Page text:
By Rebecca Mayo, J.D.
The Court of Federal Claims stayed a health insurer’s breach of contract and takings claims against the government under the ACA, pending a Supreme Court decision that will clarify binding precedent.
Whether CMS’s decision to withhold a reinsurance payment from a health insurer undergoing liquidation qualifies as a Taking under the Fifth Amendment to the United States Constitution, will depend on a forthcoming Supreme Court decision. A Court of Federal Claims stayed claims brought by Consumers’ Choice Health Insurance Company against the government for withholding a reinsurance payment. The court decided to stay the case after discovering that two particular cases that would be considered binding precedent for the current case had been granted certiorari after the briefs were submitted (Farmer v. The United States, October 31, 2019, Campbell-Smith, P.).
ACA assistance programs. When the Patient Protection and Affordable Care Act (ACA) was enacted, provisions were included to encourage the formation of new health insurers to increase competition in the marketplace. The ACA facilitated the formation, operation and funding of insurers and included risk mitigation programs which included reinsurance, risk adjustment, and the risk corridor program. Specifically, the reinsurance program was intended to stabilize individual market premiums during the early years of the ACA’s new market reforms.
Liquidation. Consumers’ Choice was formed as a non-profit mutual benefit corporation under South Carolina state law and qualified under the ACA as a Consumer Operated and Oriented Plan (CO-OP). CMS provided a start-up loan to Consumers’ Choice to provide assistance in meeting its start-up costs. It also provided a solvency loan to provide assistance in meeting solvency requirements of the state to be licensed to issue qualified health plans. Consumers’ Choice was only able to provide health insurance in South Carolina during 2014 and 2015 before it was in financial distressed and was forced to cease operations.
South Carolina insurance authorities and Consumers’ Choice instituted the procedures for the supervision, rehabilitation, and eventual liquidations of Consumers’ Choice. During which time, CMS placed an administrative hold on the reinsurance funds owed to Consumers’ Choice for 2015 and then withheld the payment in an effort to offset the amount still owed by Consumers’ Choice on the start-up and solvency loans. Consumers’ Choice then filed claims against CMS seeking monetary damages or just compensation in the amount of the reinsurance payment it should have received for 2015. It brought claims for violations of federal statutes or regulations, breach of contract claims, violations of state law and a violation of the Takings Clause. The government moved to dismiss the claims.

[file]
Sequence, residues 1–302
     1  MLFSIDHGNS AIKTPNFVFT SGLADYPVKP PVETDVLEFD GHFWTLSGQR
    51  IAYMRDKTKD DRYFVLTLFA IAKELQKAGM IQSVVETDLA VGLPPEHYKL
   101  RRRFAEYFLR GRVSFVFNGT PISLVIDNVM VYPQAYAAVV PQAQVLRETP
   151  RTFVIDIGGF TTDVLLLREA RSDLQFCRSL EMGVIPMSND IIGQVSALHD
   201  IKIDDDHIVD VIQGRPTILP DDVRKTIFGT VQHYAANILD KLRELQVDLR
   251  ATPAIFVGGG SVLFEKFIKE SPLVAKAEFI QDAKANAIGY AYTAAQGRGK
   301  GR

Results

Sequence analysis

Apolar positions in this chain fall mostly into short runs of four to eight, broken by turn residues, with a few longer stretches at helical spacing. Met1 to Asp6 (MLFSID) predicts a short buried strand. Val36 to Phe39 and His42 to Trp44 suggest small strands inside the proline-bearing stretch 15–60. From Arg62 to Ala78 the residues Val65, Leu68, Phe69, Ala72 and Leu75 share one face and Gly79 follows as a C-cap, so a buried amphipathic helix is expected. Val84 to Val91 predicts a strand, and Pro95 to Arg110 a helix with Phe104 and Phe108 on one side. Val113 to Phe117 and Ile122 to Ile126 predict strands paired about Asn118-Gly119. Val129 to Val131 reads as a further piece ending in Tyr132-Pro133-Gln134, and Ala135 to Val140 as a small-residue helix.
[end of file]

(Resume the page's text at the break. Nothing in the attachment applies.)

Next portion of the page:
State law claims. The Court of Federal Claims has jurisdiction over specified categories of actions brought against the United States, however it does not have jurisdiction to hear state law claims. The court may assert pendent jurisdiction to serve the interests of judicial economy, convenience and fairness. Though the court noted that there is no statutory grant of jurisdiction or binding precedent that permits the court to assert pendent jurisdiction over claims chiefly involving state law. Further, the court held that it had little familiarity with the litigation and adjudication of claims founded on South Carolina’s Liquidation Act and therefore those claims went beyond its expertise and may result in the court misinterpreting state law. Therefore, the court declined to rule on state law claims and dismissed the claims based on state law.
Stay. The government and Consumers’ Choice rely extensively on two companion opinions issued on the same day by the United States Court of Appeals for the Federal Circuit. The two cases discuss contract and takings claims brought by health insurers asserting claims founded on the ACA and are therefore biding precedent on the court. Both the government and Consumers’ Choice acknowledge the commonalities that link the various counts in the complaint to the holdings in the two cases. However, in the time since the briefs were submitted to the court, the Supreme Court of the United States granted certiorari to those cases. The Court of Federal Claims held that deciding the current case before further guidance is received from the Supreme Court would not be a judicious use of resources. The court therefore denied the motion to dismiss as premature and stayed the remaining claims pending the outcome of the Supreme Court’s clarification of the binding precedent.
This case is No. 18-1484C.
Attorneys: C. Mitchell Brown (Nelson Mullins Riley & Scarborough LLP) for Raymond G. Farmer and Michael J. Fitzgibbons. Terrance Anthony Mebane, U.S. Department of Justice, for the United States.
Companies: Consumers’ Choice Health Insurance Company
Cases: CaseDecisions HealthInsuranceExchangeNews InsurerNews ReinsuranceNews CtFedClaimsNews
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